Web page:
FAYETTEVILLE — Paul Rhoads, then Arkansas’ defensive backfield coach and this season also the Razorbacks’ defensive coordinator, and Arkansas Head Coach Bret Bielema spent the last 12 games of last season lamenting that defensive back Kevin Richardson was injured and unavailable.
They spent the bulk of last Saturday’s game again lamenting that Richardson was injured and unavailable.
The senior starting nickel back from Jacksonville, also a staple on special teams and invaluable as an always ready reserve to fill in at either corner or either safety, played but a handful of plays during Arkansas’ 50-43 SEC season-opening overtime loss to Texas A&M at the Dallas Cowboys’ AT&T Stadium in Arlington, Texas.
Spraining his ankle during practice last week, Richardson just briefly limped into the Texas A&M fray when Josh Liddell, the senior safety moved to nickel replacing Richardson, literally required a brief breather after getting kicked in the stomach.
Richardson was missed at nickel but missed most, Bielema said, on special teams. Richardson is a regular on the kickoff team which had mostly stymied A&M until the fourth quarter.
A&M junior Christian Kirk, now a nemesis to Arkansas in the last three of the Aggies six consecutive SEC successes over the Hogs, broke one kick return for a 100-yard touchdown.
A&M’s Cullen Gillaspia returned 14 yards to the Arkansas 49 the short sky kick to avoid Kirk after after an Arkansas touchdown countered the Kirk touchdown to put Arkansas up 43-40.
Gillaspia’s return set up the Aggies in good field position from which to drive for the game-tying 43-43 field goal delivering A&M into overtime.
“ K-Rich is also a very valuable part of our special teams, all four phases,” Bielema said. “And as the game wore on, that kickoff coverage unit replaced four or five starters off the kicks that had been the kicks that had been first done. When you start getting into your second-string depth, offense-defense is one thing, but your second-string depth with kickoff in your four main special teams phases is very difficult.”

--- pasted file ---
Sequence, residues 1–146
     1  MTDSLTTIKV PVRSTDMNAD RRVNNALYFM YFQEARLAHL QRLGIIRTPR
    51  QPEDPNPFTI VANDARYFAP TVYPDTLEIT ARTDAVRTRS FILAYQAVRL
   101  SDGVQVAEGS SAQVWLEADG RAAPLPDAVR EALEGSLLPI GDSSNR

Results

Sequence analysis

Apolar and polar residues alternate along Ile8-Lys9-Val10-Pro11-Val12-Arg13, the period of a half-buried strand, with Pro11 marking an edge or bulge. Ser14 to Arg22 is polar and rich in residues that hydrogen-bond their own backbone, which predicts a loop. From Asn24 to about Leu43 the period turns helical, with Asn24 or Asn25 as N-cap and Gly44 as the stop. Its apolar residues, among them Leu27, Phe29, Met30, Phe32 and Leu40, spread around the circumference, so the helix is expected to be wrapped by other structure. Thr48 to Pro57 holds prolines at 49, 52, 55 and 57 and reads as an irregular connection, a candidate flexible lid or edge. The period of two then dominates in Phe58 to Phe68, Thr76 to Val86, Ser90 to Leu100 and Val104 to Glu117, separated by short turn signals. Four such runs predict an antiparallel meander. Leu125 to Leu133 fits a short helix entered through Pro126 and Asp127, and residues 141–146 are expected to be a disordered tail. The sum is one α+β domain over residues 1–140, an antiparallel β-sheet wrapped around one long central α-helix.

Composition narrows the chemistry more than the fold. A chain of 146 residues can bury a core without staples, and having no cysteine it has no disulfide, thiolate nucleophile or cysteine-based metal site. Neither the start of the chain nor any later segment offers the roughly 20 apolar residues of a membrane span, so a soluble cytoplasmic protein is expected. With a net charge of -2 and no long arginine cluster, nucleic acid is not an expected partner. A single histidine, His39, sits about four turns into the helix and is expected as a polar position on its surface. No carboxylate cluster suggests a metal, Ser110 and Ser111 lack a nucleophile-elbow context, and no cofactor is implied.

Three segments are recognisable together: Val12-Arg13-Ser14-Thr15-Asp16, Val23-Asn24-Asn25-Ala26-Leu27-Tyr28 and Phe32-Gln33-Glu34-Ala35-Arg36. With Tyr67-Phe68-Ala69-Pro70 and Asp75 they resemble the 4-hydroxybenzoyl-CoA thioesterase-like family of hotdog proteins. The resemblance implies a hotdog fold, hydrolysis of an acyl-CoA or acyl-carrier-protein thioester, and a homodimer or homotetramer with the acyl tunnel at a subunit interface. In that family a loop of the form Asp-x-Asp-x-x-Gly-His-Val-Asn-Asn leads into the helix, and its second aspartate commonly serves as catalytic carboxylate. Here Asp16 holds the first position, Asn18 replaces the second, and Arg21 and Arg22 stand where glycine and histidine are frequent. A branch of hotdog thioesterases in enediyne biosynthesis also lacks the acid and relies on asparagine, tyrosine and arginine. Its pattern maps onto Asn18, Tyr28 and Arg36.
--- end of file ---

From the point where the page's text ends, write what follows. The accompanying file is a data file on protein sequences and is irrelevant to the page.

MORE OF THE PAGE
Richardson was cleared to return and expected “to rock and roll” Bielema said Monday regarding the defensive back’s status for Tuesday night’s practice and Saturday’s 11 a.m. nonconference SEC Network televised game against the New Mexico State Aggies at Reynolds Razorback Stadium.
Rhoads has big plans Saturday for Richardson vs. the Aggies visiting Fayetteville.
The plans also involve senior De’Andre Coley who moved into the safety spot that Pine Bluff Dollarway alum Liddell normally mans until last week replacing Richardson at nickel.
“Oh yeah, I anticipate him (Richardson) being back in the starting lineup as our nickel back and Dre and Josh being able to operate (with fourth-year junior starting safety Santos Ramirez) at a safety rotation. If we need Josh to give Kevin a break, we’ll be able to do that as well.”
Rhoads had big plans for Richardson combatting Christian Kirk, not only A&M’s star kick and punt returner but star receiver catching 5 passes for 110 yards and 2 touchdowns, one for 81 yards and the other the 10-yard overtime game-winner.
“ In that nickel spot, he was going to spend a good deal of time on Christian Kirk just where he (Kirk) was, but he wasn’t at a level that he could have done that as efficiently we needed him to,” Rhoads said. “Deep down, Kevin knew that. He is such a competitor. It really hurt him not being on the field with his teammates, but his sideline leadership was just exceptional.”
Apparently steamed for awhile when called “Steamboat,” Cole Kelley has learned to let that moniker float off his back because it channels his biggest Razorbacks opportunity to date.
Against Texas A&M, the 6-7, 268-pound redshirt freshman backup quarterback from Lafayette, La. remedied some of what has been Arkansas vexing problems on the goal-line by netting 21 yards on 4 needing short-yardage carries and faking the run and tossing a 2-yard touchdown pass to running back David Williams.
Kelley did all this as change of pace from senior quarterback Austin Allen operating out of a special offensive package that Bielema and offensive coordinator/quarterbacks coach Dan Enos call “Steamboat.”
“I guess after our first game, (the 49-7 rout over Florida A&M) somebody called him the Louisiana Steamboat somewhere, Enos said smiling. “He didn’t like it, so we named it after that, as a coach would do. Find a name he doesn’t like and call him that. Everybody calls him Steamboat now, I think. I’m sure he’s real happy I’m talking about this right now.”
Enos assumes the nickname comes from Kelley’s size more than his Louisiana heritage near the Mississippi River.
“I guess he’s a big barge moving down the river and you can’t knock him off course,” Enos said. “That’s the way I took it.”